Data Storage: Kroll Ontrack's Top 10 Data Storage Disasters of 2010

 
 
By Chris Preimesberger  |  Posted 2010-12-20 Email Print this article Print
 
 
 
 
 
 
 
 
Each year since 2004, Kroll Ontrack, a longtime provider of data recovery products and services, has compiled a list of its top 10 data disasters and subsequent recoveries. It's always interesting reading. Through its Ontrack Data Recovery products and services, Minneapolis-based Kroll Ontrack uses hundreds of proprietary tools and techniques to help businesses and consumers recover lost or corrupted data from all types of operating systems, devices and storage media. "Data loss situations continue to run the gamut in terms of when, where and how they happen. The causes of loss can greatly vary. While every data loss situation is different, an experienced data recovery provider with the right tools, techniques and expertise can help recover as much critical data as possible," said Todd Johnson, vice president of Ontrack Data Recovery's operations. Kroll Ontrack provides a video on the top five data disasters.
 
 
 

Disaster No. 10: A Square Peg in a Round Hole

When a computer novice's laptop battery died, a man reached behind his desk, grabbed what he thought was the laptop charger and shoved the power cable into his laptop. Unfortunately, it was a power cord for a different device, and he fried his machine.
Disaster No. 10: A Square Peg in a Round Hole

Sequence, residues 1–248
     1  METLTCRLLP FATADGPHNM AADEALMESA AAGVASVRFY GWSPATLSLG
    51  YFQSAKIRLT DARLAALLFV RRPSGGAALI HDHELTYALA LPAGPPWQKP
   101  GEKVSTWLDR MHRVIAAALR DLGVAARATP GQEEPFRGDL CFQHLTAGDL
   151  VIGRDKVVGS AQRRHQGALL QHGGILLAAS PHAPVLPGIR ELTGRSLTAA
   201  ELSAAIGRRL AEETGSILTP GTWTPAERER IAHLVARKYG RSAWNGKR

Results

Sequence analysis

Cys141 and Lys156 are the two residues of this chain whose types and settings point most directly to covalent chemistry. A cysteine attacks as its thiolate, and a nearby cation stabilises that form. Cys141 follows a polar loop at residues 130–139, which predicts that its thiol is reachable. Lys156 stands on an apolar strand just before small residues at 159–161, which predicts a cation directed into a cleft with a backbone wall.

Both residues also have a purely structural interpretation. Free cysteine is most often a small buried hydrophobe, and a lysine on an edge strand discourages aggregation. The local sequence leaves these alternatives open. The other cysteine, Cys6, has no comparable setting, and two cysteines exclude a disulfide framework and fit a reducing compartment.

Chris Preimesberger Chris Preimesberger was named Editor-in-Chief of Features & Analysis at eWEEK in November 2011. Previously he served eWEEK as Senior Writer, covering a range of IT sectors that include data center systems, cloud computing, storage, virtualization, green IT, e-discovery and IT governance. His blog, Storage Station, is considered a go-to information source. Chris won a national Folio Award for magazine writing in November 2011 for a cover story on Salesforce.com and CEO-founder Marc Benioff, and he has served as a judge for the SIIA Codie Awards since 2005. In previous IT journalism, Chris was a founding editor of both IT Manager's Journal and DevX.com and was managing editor of Software Development magazine. His diverse resume also includes: sportswriter for the Los Angeles Daily News, covering NCAA and NBA basketball, television critic for the Palo Alto Times Tribune, and Sports Information Director at Stanford University. He has served as a correspondent for The Associated Press, covering Stanford and NCAA tournament basketball, since 1983. He has covered a number of major events, including the 1984 Democratic National Convention, a Presidential press conference at the White House in 1993, the Emmy Awards (three times), two Rose Bowls, the Fiesta Bowl, several NCAA men's and women's basketball tournaments, a Formula One Grand Prix auto race, a heavyweight boxing championship bout (Ali vs. Spinks, 1978), and the 1985 Super Bowl. A 1975 graduate of Pepperdine University in Malibu, Calif., Chris has won more than a dozen regional and national awards for his work. He and his wife, Rebecca, have four children and reside in Redwood City, Calif.Follow on Twitter: editingwhiz
 
 
 
 
 
 

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